Pale Sun, Crescent Moon

Cowboy Junkies

RCA Records, 1993

http://www.cowboyjunkies.com

REVIEW BY: Sean McCarthy

ORIGINALLY PUBLISHED: 12/05/1997

Just about anyone can make a case against the 30th anniversary issue of Rolling Stone, "The Women in Rock." The editors stated that some key figures in rock were not featured because of past reviews that the magazine gave the artists. Patti Smith had a more political reason: making a big deal out of women genderizes the genre instead of focusing on the work of the artist.

I'll forgo bitching about the writers not including Tori Amos's masterpiece Little Earthquakes among the most important albums by these women artists and focus on a glaring omission for this review:the Cowboy Junkies. True, three-fourths of the band are males, but the staple of the band is Margo Timmins' delicate, often haunted voice.

After making a huge breakthrough with The Trinity Sessions, the Cowboy Junkies released two other albums. The Caution Horses and Black Eyed Man further showcased the Cowboy Junkies way mellow style. Often acoustic and a tempo best suited for shaking a hangover on a Sunday morning, those two albums were strictly "fans only" type of albums. Sadly, those albums were more mood music than works that could stand on their own.my_heart_sings_the_harmony_web_ad_alt_250

A change in formula was needed for the band. And that's what came out of the 1993 release, Pale Sun, Crecent Moon. Starting off on a dissonant note, "Crecent Moon" gave a slight agitation to their previous efforts. The Junkies had some guest musicians play harmonica, mandolin and piano in a couple of the songs, giving them more texture than most of the songs on Black Eyed Man. That's not to say they didn't use these instruments before, they just utilized them more on Pale Sun, Crecent Moon.

The chemistry between sister Margo and brothers Michael and Peter Timmins sounds as fluid as it did on The Trinity Sessions, their realized masterpiece. The poppy, chipper "Anniversary Song" actually sounds like the band members had a couple of cappaccinos while they were recording.

For sheer storytelling, the Cowboy Junkies are one of the most visually lyrical bands going. The visuals go from picturesque calmness, "Have you ever seen a sight as beautiful / as that of the rain-soaked purple / of the white birch in spring?" in "Anniversary Song" to the untsettled imagery of "Floorboard Blues." In that song, Margo warns, "Check under his floorboards, Mama / I don't like his suggestive tone / The way his words drip from his mouth / as he asks 'can I take you home?'" Ouch.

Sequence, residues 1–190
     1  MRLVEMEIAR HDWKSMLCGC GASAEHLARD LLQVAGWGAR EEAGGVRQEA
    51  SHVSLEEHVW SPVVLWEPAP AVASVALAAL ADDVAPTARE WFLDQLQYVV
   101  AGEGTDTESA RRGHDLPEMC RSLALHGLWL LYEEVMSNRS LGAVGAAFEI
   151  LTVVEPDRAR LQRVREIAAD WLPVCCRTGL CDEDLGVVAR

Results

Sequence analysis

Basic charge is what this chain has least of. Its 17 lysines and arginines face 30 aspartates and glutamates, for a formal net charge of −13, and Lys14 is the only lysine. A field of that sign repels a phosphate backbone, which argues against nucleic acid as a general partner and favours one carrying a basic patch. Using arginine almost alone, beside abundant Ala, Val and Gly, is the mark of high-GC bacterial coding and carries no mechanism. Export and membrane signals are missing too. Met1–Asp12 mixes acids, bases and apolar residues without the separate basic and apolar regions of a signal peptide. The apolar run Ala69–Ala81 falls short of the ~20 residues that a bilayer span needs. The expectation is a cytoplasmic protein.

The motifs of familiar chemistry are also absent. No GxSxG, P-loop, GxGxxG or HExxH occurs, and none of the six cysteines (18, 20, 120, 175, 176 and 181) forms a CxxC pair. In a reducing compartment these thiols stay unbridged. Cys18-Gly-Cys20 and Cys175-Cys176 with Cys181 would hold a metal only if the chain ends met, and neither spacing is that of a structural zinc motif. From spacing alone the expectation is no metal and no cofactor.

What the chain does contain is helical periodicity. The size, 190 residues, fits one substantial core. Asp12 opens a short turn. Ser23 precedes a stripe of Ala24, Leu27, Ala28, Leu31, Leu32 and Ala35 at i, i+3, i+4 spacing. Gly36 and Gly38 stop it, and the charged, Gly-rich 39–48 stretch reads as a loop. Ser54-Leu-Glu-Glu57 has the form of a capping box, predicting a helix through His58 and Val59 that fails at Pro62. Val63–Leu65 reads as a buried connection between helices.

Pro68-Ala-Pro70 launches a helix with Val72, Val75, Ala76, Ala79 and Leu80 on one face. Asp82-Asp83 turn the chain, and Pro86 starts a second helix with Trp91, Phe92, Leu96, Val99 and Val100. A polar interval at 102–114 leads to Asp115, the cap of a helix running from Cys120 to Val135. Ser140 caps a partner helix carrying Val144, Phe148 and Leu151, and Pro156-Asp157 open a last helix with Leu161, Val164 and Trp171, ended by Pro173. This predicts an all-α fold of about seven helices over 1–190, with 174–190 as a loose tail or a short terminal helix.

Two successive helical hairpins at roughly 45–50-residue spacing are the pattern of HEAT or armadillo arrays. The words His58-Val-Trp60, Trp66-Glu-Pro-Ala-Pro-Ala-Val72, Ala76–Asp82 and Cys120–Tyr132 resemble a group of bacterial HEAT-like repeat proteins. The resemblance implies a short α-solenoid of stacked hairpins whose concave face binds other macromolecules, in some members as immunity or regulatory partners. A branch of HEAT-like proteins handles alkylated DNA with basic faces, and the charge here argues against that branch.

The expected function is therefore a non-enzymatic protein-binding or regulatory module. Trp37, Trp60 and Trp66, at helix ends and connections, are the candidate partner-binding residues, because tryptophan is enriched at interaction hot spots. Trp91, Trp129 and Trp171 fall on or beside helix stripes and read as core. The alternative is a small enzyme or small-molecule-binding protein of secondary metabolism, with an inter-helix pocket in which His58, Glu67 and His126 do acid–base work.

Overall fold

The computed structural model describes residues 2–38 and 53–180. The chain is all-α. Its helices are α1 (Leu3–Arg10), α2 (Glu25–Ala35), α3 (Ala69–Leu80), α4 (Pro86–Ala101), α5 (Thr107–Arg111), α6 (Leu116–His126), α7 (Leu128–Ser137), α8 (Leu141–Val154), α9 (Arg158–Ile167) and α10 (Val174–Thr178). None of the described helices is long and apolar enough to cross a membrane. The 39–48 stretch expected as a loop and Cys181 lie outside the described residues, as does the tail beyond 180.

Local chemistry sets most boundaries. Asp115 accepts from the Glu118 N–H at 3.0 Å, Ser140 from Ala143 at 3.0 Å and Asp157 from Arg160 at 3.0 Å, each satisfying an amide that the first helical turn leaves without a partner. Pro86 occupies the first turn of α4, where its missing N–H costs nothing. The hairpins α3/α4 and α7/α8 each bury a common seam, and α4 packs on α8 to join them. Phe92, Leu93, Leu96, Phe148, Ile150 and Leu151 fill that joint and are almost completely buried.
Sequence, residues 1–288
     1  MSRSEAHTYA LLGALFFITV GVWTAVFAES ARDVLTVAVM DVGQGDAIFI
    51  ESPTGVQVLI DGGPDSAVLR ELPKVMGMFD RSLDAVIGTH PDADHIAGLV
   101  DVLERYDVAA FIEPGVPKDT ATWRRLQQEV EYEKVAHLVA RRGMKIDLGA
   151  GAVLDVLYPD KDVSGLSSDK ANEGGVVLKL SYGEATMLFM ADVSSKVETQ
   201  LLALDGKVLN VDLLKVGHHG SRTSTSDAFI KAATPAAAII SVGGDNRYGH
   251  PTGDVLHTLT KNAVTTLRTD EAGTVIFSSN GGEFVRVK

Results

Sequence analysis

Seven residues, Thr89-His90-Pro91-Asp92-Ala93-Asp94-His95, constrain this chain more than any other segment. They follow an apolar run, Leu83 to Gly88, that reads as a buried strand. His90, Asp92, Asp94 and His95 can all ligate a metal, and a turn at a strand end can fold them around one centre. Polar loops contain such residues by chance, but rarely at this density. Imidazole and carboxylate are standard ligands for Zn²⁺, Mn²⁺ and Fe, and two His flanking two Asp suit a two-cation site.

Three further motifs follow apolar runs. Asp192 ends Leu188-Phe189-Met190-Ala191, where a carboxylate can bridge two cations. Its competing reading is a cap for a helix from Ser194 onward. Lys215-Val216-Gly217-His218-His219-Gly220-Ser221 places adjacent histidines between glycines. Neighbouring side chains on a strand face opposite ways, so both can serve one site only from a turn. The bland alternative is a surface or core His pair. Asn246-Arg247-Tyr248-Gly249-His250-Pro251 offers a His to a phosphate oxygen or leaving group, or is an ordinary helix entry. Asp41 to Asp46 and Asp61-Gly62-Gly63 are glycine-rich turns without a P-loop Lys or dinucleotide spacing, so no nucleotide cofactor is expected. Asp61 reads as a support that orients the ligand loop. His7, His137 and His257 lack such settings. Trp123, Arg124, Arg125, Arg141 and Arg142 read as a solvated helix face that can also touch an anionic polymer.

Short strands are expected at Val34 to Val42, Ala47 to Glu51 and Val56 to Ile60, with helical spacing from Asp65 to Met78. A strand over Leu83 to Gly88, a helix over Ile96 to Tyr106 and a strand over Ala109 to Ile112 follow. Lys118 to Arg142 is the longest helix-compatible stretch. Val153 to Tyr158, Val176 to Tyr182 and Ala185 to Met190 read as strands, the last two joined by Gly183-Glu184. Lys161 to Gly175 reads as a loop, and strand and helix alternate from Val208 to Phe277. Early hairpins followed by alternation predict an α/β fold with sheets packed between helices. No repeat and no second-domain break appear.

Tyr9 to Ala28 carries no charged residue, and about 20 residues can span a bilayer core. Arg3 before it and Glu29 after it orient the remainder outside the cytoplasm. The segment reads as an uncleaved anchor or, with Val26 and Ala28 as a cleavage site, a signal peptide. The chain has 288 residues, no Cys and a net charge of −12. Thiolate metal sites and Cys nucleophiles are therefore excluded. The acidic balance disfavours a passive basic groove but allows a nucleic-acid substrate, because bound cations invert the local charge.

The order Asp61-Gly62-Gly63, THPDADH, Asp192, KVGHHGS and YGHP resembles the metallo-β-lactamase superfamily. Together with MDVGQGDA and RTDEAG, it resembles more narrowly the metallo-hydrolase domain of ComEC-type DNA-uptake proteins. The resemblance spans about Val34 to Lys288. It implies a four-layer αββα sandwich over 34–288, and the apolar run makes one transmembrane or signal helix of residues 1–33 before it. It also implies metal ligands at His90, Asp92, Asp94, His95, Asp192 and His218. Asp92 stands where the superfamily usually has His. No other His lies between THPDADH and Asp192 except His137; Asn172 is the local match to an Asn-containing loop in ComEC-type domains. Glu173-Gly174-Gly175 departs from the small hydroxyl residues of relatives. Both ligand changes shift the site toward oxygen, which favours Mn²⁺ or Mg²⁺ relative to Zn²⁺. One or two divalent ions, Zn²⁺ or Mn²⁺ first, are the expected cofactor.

The Cowboy Junkies released their double live album, 200 More Miles two years after Pale Sun, Crecent Moon. And, after my column on double albums, I have to admit...that one is a definitive keeper with maybe one filler song. While new fans may want to get a good sample from that album, Pale Sun, Crecent Moon stands as a great album on its own standards. It's a cohesive recording that gave the Cowboy Junkies a lot more room to operate, music wise.

Margo Timmins may never have the mass audience that Fiona Apple and Jewel possess, but with ten years of recorded material under their belts, the Cowboy Junkies show no sign of slowing down. And while their fastest songs may put them up at the same tempo as say...Portishead and Mazzy Star, quickness is a style that just doesn't fit the Cowboy Junkies. A pot of coffee, a Sunday paper and a couple of hours with the Cowboy Junkies still is a surefire hangover cure.

Rating: B+

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© 1997 Sean McCarthy and The Daily Vault. All rights reserved. Review or any portion may not be reproduced without written permission. Cover art is the intellectual property of RCA Records, and is used for informational purposes only.